Barter and Difficulties with Barter
Barter is a market situation in which buyers and sellers offers good for sale to one another and carry out the exchange without the use of money.The situation is found in the backward areas where tribal people sell their produce and buy their necessaries from the traders visiting them. In the absence of a generally acceptable medium of exchange, as was the case in the absence of money, one would acquire the needed with one’s own “surplus” goods. Such a transaction is called a barter transaction. When such transactions were taking place on a large scale, they constituted the barter system.
According to Jevons,
“Barter is the exchange of comparatively superflous with comparatively necessary.” This means that a barter transaction is one which involves both the sale transaction and the purchase transaction simultaneously.
Difficulties of Barter
This means that as economic system became more complex in the wake of increased human wants, barter could not continue. Money was invented and used. Under barter, people had the following difficulties:
Under the barter system all goods and services would be directly exchanged for one another. It follows that if a person A has too much good (say X) and nothing or too little of another good (say Y), he must a find person B who is precisely in the opposite position i.e, who has too much of Y and too less of X . To take up a concrete example, a fisherman who had a lot of fish and no bread could trade only if he found someone who not only had surplus bread with him but also wanted to acquire fish.
- This is what economists refer to as double coincidence of wants. Thus, in barter system lot of time and energy was wasted on exchange due to this difficulty. We can well imagine the nature and magnitude of these diffculties in a modern economy where human wants are multiplying and ever greater variety of goods and services is available in the market.
- Lack of Common Measure of Value : The second difficulty which arose under barter was that there was no common yardstick of measuring value.Each item brought to the market could bear a difficult value in relation to each one of the other items. This would give rise to a large number of exchange ratios. Competitive pricing under such conditions would become very difficult.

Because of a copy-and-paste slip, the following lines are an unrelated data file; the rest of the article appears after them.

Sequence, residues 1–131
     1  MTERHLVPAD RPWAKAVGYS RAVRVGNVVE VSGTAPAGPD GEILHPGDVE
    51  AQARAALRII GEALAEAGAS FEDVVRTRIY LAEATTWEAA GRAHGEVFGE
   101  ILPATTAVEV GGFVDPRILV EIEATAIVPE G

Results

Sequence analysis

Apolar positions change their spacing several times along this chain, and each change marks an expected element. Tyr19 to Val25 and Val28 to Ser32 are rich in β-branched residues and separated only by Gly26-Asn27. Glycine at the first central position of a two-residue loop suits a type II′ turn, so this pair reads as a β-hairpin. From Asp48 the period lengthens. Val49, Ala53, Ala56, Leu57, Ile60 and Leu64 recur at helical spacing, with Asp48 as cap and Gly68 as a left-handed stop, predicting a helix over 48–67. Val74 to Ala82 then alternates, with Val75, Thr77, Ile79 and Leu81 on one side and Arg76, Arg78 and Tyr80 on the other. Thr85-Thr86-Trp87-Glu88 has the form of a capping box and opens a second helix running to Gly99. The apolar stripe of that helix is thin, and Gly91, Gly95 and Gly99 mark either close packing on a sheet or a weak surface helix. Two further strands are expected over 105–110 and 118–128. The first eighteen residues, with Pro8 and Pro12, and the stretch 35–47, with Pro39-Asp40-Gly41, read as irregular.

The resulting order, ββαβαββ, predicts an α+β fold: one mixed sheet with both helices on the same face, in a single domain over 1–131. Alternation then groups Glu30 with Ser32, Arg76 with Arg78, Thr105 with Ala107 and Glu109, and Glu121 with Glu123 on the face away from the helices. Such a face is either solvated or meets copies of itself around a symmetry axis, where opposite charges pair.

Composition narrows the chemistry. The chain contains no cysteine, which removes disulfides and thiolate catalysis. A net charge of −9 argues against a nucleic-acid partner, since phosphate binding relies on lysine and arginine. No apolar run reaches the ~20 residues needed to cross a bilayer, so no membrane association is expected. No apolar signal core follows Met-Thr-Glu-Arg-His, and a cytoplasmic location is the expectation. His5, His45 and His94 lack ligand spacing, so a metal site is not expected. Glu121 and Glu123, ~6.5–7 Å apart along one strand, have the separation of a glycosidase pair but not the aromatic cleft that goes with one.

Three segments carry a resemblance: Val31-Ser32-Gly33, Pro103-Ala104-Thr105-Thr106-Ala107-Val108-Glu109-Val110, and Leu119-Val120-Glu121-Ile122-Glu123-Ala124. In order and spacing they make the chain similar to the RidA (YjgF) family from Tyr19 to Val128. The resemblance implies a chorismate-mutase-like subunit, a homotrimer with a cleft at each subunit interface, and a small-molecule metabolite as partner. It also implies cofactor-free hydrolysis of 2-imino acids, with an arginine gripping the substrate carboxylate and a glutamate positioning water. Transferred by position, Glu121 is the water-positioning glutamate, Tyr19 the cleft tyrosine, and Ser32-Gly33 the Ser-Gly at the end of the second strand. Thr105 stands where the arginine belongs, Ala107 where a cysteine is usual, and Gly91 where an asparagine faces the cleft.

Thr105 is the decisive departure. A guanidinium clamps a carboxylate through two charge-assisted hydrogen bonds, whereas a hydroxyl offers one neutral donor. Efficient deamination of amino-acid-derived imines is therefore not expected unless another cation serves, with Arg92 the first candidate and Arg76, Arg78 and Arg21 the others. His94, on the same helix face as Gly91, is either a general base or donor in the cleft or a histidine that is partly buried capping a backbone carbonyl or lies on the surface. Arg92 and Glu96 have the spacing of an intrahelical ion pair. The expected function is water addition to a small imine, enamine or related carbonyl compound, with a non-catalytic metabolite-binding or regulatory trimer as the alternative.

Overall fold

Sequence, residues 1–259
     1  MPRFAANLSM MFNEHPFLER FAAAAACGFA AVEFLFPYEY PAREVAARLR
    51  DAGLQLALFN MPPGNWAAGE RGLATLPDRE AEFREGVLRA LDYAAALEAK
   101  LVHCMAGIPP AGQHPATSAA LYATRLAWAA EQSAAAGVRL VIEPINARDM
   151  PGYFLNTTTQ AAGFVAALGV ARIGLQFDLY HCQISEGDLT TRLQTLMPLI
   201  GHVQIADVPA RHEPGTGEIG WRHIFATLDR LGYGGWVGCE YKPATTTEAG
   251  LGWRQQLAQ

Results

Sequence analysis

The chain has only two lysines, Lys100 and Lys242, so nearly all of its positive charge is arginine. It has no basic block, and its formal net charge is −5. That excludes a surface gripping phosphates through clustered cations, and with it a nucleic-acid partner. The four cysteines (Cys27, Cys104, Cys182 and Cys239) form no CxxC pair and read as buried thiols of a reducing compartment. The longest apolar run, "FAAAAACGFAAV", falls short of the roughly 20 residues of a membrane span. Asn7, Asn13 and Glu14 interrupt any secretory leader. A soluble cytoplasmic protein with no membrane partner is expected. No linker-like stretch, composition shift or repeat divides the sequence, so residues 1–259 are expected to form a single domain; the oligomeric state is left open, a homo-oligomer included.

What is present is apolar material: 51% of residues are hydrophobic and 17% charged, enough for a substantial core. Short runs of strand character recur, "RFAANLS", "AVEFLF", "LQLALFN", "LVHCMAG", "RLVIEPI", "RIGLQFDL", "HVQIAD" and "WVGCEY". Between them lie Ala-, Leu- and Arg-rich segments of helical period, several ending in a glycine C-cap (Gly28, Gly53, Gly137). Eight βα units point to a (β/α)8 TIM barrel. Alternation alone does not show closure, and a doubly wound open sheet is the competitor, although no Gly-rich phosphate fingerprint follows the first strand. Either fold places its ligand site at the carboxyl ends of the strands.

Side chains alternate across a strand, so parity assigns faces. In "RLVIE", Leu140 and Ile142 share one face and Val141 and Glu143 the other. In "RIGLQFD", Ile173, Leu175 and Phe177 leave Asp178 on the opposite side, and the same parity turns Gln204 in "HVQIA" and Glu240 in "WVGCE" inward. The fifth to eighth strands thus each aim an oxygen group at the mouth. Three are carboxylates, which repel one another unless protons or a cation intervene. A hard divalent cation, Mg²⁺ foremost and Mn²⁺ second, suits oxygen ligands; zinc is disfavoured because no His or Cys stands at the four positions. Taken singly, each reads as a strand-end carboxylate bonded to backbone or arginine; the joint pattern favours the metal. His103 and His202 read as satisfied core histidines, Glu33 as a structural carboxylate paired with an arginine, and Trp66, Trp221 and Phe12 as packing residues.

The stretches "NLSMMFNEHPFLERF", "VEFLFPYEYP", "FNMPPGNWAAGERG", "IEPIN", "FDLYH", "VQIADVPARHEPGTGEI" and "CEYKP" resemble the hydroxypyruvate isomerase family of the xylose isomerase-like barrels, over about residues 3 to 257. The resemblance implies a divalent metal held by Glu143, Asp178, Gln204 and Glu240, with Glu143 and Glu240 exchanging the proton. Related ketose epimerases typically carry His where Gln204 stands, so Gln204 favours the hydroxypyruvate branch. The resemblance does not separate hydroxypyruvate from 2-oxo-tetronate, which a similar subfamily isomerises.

- Want of a Means of Subdivision of Value : Another difficulty of the barter system was that an individual might be faced with the difficulty of dividing his possessions. Suppose a shepherd had goat and desired to exchange it for bread. It was too costly for him to give one goat for the quantity of bread he required. How could he, then, divide his goat ? If he did so, he would simply be destroying the whole value of the goat? This difficulty of the division of each commodity for the purpose of exchange was a great inconvenience.
- Lack of Store of Value: Human beings try to save something in order to regulate their economic affairs over time. Under the barter system saving was every difficult. Goods lose their value the passage of time, and if value is stored in the form of goods, it will be subject to wide fluctuations. Moreover, if the commodities in the form of which value is stored are of a non-durable nature (such as wheat, skins, furs etc).,their worth is likely to go down with the passage of time. This, we find that under barter, there was no convenient, riskless and efficient means of storing value.
- Restricted opportunity for exchange due to small size of the Market: Under barter it is very difficult to conclude a transaction. To affect a barter transaction, the buyers and sellers had to possess sufficient information about who is offering the goods desired to be purchased, what quantity is being offered and how many of these offers are acceptable? Lack of such information reduced the number of transactions and hence the size of the market.
- Difficulties of Multilateral Trade: Barter allowed trade only between two persons. This is called bilateral trade. An expanding economy requires trading among a number of persons, i.e. multi trading, Under barter, it was extremely difficult to undertake multi-lateral trade.
- Lack of standard of deferred payment: People could not freely borrow and lend goods on account of the absence of a calculate rate of interest. In the absence of money, many difficulties arose in the smooth of credit transaction and trade as there was no easy agreement about the mode of payment.
- Difficulties of taking rational decisions: A barter transaction embodies a sale as well as a purchase transaction. To enter into exchange one had to take two decisions at a time. This made rational decision making a difficult proposition.
- Low level of Economic Development: Due to the various exchange difficulties, barter seriously restricted the volume of transactions, reduced the size of the market and division of labor. All this kept a barter economy at a low level of economic development.
From the above transaction, it is clear that the barter system could work only in a primitive economy where life was simple, As population increased and the number of goods traded also increased, people began to think that barter should be replaced by some other convenient method of exchange. Their efforts at evolving a medium of exchange in the form of gold and silver resulted in the invention of money.